It's the academic job market time again! In honor of the season opening, I want to remind you all of the classic "archaeology academic job draft" post by Archaeonumeracy. Now, onto the job market joy!
These two links came across my radar yesterday:
The first article talks about how horrible the anthropology job market is, at least in academia. I'll admit, there are times when I wonder if I made a mistake going into anthropology. I love it, but would I have been just as happy as a paleontologist? Or a wildlife biologist? Would my job prospects have been much better in those fields?
The second article predicts strong growth in the anthropology/archaeology job market, mostly in CRM and government jobs ("government" as in Department of Defense). I've told my students that graduate school in anthropology can be a good choice, but if being a university professor is the only acceptable outcome for them, they need to find another field. On the other hand, even students who are interested in applied fields can have trouble finding the right training, as many graduate programs continue to give short shrift to the practicalities of the job market.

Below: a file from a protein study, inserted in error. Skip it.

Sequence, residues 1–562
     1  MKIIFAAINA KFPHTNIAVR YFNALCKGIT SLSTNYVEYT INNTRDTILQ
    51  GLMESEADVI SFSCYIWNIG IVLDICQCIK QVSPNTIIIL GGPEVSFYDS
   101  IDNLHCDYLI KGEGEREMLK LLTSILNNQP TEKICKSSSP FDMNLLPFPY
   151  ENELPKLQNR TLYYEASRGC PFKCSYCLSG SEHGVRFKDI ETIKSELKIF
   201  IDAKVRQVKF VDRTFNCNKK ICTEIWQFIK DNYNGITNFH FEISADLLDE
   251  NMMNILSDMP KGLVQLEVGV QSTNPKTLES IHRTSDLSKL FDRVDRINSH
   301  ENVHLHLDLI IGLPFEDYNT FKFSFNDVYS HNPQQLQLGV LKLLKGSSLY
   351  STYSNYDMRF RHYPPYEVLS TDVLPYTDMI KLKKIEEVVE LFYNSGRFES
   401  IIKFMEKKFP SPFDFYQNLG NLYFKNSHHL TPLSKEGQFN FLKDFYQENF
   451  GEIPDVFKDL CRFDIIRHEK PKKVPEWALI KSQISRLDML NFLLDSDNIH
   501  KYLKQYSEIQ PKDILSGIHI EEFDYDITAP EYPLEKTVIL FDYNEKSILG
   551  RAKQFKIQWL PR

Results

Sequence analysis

This past week, I sent out my first job applications of the season. I'm being picky about my applications. I already have a job and I can afford to wait until something I really want shows up*. On the other hand, this looks like a (relatively) good year on the job market. I've already seen five jobs I'm willing to apply for, and there will probably be more. Who else is on the job market this year? Are you feeling more optimistic than in previous years?
*I'm still debating whether or not to apply for the job at Stanford, which is clearly the faunal job of the year. Why or why do all the faunal jobs have to be in coastal California where nobody can afford to live?!? Does anybody else wonder if it's worth taking a great job, but in a place where your quality of living would be low?